I personally fixed my problem by getting a comfier saddle on relying on it more to carry the load of my upper body weight, leaving less burden for my arms and core.

As an aside, the comfy saddle strategy fit my style of heavy-feet and light-hands. I noticed that a huge difference between slack STA and my 83° STA bike was that I would tend to "plop" into the seat on a slack STA bike like it were a couch. It took enough effort to get out of the saddle to be reluctant to do it. Combined with long crank arms, I was encouraged to drop a lot of weight on the saddle and sort of uncouple my legs from my upper body, in order to allow it to spin more freely. I could allow everything under my pelvis to sort of work subconsciously like a motor, and use my shifter to keep it efficient, turning my focus to my upper body control. On my 83° bike, I wanted to emulate a similar style of pedaling, where I can let the legs spin without holding carrying the weight of my upper body, but allowing me to put weight into pedal strokes. Enter mega short crankarms. They turned the spin motion into a stair climb motion. If I plopped my weight on the saddle, I would be moving my legs up and down like a set of pistons. It made me conscious of the weight of my shoes and kneepads. It felt a lot better hammering out of the saddle--it was a lot easier to find the "sweet spot height" to keep my hips in order to sprint out-of-the-saddle without my upper body bobbing up and down and without needing to rock the bike side-to-side excessively. Anyways, I think the bike world is way too conservative. Lots of different paths to explore, but people keep wanting something familiar and blaming/hating things they don't understand, being afraid of failures rather than seeing them as a way to learn.
 
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Unpredictable
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I'm on a Trance 29 and love it, but the seat tube angle is "effective" seat tube angle. It's the angle from the BB to the top of the seat tube which is a tube with a bend in it. The angle from there to the seat itself is much slacker. The longer your legs, and the higher you have your seat, the slacker the "effective" angle becomes. I suppose there must be seat tubes that are straight lines so the angle is the actual angle. It remains the same as the seat is raised.
The "seat tube angle" can be a bit of an inconsistent measure, so I'm just not sure how important that particular bit of data is. It's not important to me, but I have a friend who has really long legs in proportion to his torso. For someone like him, the way in which the angle is measured may be more important than the angle itself.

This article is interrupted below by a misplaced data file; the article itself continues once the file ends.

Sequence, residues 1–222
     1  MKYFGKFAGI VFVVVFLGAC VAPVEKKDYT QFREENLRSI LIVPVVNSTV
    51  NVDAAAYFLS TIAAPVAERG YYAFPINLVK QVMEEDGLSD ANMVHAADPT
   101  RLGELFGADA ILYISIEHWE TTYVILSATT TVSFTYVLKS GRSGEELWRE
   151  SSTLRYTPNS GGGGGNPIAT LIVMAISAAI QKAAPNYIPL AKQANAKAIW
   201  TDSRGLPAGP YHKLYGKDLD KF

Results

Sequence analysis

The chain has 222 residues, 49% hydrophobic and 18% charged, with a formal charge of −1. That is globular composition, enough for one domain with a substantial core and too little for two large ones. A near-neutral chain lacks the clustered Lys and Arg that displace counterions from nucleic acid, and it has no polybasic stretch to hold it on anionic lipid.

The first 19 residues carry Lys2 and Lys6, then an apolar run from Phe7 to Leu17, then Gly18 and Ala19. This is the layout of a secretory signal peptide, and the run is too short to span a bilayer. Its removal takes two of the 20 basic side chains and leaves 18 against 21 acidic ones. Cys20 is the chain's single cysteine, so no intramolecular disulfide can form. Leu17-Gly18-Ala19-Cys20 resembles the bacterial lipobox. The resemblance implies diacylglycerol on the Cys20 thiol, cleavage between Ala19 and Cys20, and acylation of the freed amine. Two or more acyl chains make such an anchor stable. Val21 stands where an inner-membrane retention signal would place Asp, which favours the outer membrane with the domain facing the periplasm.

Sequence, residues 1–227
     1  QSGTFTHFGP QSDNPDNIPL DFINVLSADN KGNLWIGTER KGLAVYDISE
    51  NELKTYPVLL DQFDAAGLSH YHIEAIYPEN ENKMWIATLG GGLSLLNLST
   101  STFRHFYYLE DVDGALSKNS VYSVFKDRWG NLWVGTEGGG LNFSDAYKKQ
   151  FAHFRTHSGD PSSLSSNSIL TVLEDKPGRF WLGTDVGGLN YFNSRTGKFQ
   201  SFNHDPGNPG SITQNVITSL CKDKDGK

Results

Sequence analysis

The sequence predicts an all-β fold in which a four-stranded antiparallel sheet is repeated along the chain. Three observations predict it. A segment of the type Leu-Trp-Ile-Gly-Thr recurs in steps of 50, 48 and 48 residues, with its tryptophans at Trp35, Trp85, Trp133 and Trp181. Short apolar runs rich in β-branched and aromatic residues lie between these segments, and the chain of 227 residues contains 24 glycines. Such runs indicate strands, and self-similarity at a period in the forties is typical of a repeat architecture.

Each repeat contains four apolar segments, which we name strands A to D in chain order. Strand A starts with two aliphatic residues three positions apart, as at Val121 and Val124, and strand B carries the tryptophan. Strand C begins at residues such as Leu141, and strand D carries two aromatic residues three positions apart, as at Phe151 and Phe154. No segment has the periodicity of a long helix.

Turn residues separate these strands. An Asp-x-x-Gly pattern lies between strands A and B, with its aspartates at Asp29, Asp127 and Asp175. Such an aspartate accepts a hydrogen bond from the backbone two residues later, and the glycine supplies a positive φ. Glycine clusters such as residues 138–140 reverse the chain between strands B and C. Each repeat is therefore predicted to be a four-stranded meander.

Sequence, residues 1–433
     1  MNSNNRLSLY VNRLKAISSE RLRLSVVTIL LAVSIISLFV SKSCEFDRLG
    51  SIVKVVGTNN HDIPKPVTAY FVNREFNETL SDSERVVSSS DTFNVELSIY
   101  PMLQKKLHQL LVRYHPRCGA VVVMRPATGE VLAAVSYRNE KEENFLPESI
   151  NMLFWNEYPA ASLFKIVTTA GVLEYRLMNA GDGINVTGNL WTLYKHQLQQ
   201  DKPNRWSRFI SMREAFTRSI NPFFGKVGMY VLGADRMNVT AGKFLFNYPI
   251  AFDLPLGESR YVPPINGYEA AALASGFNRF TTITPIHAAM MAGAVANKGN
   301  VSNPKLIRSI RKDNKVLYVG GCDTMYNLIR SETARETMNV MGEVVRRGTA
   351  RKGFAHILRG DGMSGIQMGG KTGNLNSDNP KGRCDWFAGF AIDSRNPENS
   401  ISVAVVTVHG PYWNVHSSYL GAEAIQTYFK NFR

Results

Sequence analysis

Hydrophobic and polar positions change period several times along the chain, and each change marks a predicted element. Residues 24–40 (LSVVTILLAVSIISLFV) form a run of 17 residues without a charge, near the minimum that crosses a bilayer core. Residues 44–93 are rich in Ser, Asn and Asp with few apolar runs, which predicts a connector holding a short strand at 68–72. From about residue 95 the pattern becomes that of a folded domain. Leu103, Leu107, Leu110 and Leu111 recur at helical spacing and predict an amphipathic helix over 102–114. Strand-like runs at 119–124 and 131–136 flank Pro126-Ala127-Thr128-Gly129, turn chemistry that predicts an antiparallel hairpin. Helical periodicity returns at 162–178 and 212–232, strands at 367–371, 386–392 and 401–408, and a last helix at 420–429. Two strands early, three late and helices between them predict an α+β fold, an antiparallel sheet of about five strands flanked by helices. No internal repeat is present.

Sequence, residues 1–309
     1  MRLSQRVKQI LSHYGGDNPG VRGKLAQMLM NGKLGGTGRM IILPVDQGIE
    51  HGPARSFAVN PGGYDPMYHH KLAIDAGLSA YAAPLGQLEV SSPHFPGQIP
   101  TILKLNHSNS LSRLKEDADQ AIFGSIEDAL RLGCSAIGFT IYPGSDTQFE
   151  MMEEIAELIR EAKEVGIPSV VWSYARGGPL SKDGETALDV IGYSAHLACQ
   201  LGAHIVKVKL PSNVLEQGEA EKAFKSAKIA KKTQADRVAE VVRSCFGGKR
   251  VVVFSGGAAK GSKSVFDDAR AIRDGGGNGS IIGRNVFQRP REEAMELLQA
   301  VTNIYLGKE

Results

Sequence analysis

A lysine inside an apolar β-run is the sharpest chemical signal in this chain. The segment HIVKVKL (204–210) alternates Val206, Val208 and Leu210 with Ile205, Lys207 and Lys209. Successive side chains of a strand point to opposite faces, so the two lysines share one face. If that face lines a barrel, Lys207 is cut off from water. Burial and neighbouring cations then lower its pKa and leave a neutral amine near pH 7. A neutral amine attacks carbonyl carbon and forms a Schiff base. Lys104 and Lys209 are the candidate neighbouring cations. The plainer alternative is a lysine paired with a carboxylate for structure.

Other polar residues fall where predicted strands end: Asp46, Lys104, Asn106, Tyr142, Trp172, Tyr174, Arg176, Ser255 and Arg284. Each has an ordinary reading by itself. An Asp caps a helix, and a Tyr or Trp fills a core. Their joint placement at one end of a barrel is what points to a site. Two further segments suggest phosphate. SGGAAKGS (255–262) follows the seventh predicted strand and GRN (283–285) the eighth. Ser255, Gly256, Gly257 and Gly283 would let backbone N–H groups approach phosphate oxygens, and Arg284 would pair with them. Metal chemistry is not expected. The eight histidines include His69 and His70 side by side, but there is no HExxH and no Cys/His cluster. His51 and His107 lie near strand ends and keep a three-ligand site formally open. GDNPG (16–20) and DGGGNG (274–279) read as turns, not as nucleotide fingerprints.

There are enough nuances to bike design that I don't really look at these measurements as being very helpful, at least individually, in picking out a bike.
Wow it took a very long time for anyone to see this and state it. The "real" STA is the line from the top of the seat tube straight down to the CS, not to the BB. 76 degrees on one bike may have you way behind 75 degrees on another. If that line is just inside the inner edge of the rear rim, it's a good STA for climbing and general riding. Some steeper STAs are way farther back. Seat tube angles like statistics can confuse.
 

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Wow it took a very long time for anyone to see this and state it. The "real" STA is the line from the top of the seat tube straight down
Then the "real" seat tube angle would always be 90°. You could express it as a horizontal distance from some point but that would depend on saddle height...so you can see why traditionally (when effective STA equaled actual STA) they used angle from the BB. Even if you expressed it as a distance or distance ratio, it's still going to change with sag so the 'real real' seat position would have to be expressed as a horizontal distance at sag but... even still, different height and weight riders will cause the bike of a give leverage rate to sag in different ways on different grades so the 'real real real' seat position will need to include all of that. You could express the seat position as a formula that no one could understand or you know, use seat tube angle. It would be nice if manufactures used a stand method of calculating effective STA. Santa Cruz has started listing different effective STA's for each size to give a bit more realistic idea of what to expect.
 

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Discussion Starter · #28 ·
Santa Cruz has started listing different effective STA's for each size to give a bit more realistic idea of what to expect